Borophene scientists create atomically thin boron
Borophene is a proposed crystalline allotrope of boron. One unit consists of 36 atoms arranged in an 2-dimensional sheet with a hexagonal hole in the middle. Another form made in 2015 is a buckled two dimensional sheet on silver.
Borophene joins 2d materials club scientists create atomically thin metallic boron borophene
Computational studies suggested that extended borophene sheets with partially filled hexagonal holes are stable. Global minimum searches for B−
36 lead to a quasiplanar structure with a central hexagonal hole. Borophene is predicted to be fully metallic.
Borophene is analogous to graphene in that it is expected to form extended sheets. The latter is a semi-metal, implying that borophene may be a better conductor. The boron-boron bond is also nearly as strong as graphene’s carbon-carbon bond. At the atomic-cluster scale, pure boron forms simple planar molecules and cage-like fullerenes.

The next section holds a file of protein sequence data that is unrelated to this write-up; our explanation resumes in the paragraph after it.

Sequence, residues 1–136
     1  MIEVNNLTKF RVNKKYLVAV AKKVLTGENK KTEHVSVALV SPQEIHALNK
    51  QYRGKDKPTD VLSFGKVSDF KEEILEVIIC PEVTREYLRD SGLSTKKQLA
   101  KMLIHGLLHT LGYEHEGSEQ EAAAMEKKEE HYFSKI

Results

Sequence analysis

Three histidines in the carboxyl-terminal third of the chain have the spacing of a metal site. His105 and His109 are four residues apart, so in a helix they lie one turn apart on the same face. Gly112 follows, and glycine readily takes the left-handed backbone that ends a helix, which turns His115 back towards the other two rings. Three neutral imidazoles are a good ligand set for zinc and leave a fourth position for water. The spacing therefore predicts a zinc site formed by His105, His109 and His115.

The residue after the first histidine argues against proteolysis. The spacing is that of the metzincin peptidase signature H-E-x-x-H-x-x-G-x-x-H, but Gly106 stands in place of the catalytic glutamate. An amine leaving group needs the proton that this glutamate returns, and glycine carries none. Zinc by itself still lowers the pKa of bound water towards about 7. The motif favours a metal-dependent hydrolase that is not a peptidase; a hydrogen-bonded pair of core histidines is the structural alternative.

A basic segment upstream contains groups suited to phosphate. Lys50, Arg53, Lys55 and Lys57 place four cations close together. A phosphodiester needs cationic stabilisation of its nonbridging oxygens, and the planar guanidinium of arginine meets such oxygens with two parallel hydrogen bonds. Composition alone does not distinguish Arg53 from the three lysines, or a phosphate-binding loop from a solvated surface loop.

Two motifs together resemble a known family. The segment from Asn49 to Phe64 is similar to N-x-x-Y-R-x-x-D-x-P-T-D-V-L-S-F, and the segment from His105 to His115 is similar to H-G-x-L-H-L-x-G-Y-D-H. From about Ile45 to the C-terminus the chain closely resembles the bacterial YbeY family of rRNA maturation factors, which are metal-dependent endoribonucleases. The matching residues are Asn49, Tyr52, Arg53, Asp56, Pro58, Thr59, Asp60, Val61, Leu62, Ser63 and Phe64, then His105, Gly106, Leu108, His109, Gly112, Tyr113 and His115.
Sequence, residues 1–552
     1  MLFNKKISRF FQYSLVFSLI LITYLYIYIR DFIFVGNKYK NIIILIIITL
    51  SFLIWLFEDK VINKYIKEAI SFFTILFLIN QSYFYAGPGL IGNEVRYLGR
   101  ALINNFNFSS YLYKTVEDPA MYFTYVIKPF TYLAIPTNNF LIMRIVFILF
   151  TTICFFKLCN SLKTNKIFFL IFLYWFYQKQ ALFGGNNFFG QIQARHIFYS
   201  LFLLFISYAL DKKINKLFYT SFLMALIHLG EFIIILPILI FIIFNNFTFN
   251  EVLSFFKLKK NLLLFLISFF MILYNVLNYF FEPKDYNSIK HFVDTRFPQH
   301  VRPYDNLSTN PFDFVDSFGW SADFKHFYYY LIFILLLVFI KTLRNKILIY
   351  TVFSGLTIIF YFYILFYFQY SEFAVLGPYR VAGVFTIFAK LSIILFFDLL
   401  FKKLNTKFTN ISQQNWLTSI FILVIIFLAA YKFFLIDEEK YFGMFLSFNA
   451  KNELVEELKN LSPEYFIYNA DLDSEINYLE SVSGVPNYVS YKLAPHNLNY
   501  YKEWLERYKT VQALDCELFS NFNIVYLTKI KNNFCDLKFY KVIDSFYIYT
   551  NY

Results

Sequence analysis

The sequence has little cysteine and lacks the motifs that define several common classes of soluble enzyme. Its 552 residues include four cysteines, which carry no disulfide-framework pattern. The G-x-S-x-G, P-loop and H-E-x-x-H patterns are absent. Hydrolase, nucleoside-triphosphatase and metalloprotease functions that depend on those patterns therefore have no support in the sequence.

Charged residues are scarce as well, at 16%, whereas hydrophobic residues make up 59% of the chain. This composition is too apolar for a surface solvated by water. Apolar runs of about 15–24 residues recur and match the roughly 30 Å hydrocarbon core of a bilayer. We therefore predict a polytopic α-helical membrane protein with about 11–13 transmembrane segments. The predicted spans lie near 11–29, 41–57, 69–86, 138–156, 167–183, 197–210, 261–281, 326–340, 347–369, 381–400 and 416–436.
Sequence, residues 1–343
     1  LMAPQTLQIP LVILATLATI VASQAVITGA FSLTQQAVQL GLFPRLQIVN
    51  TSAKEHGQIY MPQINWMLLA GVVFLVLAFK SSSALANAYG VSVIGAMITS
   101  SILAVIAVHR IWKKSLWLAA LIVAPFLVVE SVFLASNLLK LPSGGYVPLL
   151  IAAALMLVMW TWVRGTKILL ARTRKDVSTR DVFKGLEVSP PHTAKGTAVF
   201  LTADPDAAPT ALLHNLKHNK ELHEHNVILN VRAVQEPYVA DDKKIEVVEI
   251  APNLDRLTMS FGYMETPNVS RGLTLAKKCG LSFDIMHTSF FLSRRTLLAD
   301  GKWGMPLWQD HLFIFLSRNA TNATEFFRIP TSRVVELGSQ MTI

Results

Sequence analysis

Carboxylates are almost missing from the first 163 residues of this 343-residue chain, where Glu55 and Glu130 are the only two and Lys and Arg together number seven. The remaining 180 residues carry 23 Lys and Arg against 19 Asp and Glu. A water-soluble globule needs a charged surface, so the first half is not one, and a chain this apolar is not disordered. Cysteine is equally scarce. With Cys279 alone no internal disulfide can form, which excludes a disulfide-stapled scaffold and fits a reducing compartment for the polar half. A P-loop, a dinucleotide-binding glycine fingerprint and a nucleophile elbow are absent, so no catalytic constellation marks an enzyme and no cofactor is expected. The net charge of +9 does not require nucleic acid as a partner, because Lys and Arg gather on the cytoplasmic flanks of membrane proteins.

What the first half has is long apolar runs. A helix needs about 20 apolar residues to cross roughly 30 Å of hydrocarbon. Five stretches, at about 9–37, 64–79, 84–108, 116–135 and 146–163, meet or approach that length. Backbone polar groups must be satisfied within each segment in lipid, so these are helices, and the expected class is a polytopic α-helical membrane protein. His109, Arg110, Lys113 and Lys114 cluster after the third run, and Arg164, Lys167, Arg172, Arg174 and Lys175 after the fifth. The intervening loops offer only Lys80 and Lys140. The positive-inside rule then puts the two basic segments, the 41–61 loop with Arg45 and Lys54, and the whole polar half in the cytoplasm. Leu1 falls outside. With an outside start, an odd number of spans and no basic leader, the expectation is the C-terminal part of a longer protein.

Boron is adjacent to carbon in the periodic table and has similar valence orbitals. Unlike carbon, boron cannot form a honeycomb hexagonal framework (like graphene) because of its electron deficiency.
In 2014 a research team at Brown University, led by Lai-Sheng Wang, showed that the structure of B
36 was not only possible but highly stable. Photoelectron spectroscopy revealed a relatively simple spectrum, suggesting a symmetric cluster. Neutral B
36 is the smallest boron cluster to have sixfold symmetry and a perfect hexagonal vacancy, and it can be viewed as a potential basis for extended two-dimensional boron sheets.
In 2015 a research team synthesized borophene on silver surfaces under ultrahigh-vacuum conditions. Atomic-scale characterization, supported by theoretical calculations, revealed structures reminiscent of fused boron clusters with multiple scales of anisotropic, out-of-plane buckling. Unlike bulk boron allotropes, borophene shows metallic characteristics that are consistent with predictions of a highly anisotropic, 2D metal.
In July 2014 researchers announced the creation of a 40-atom buckyball-like spherical cage made of boron that the team dubbed borospherene (derived from the original "buckminster fullerene".) Where buckyball molecules feature 20 hexagons and 12 pentagons of carbon atoms producing a smooth spherical surface, borospherene consists of 48 triangles, four seven-sided rings and two six-sided rings. The resulting shape is also spherical, but with several atoms sticking out from the sides.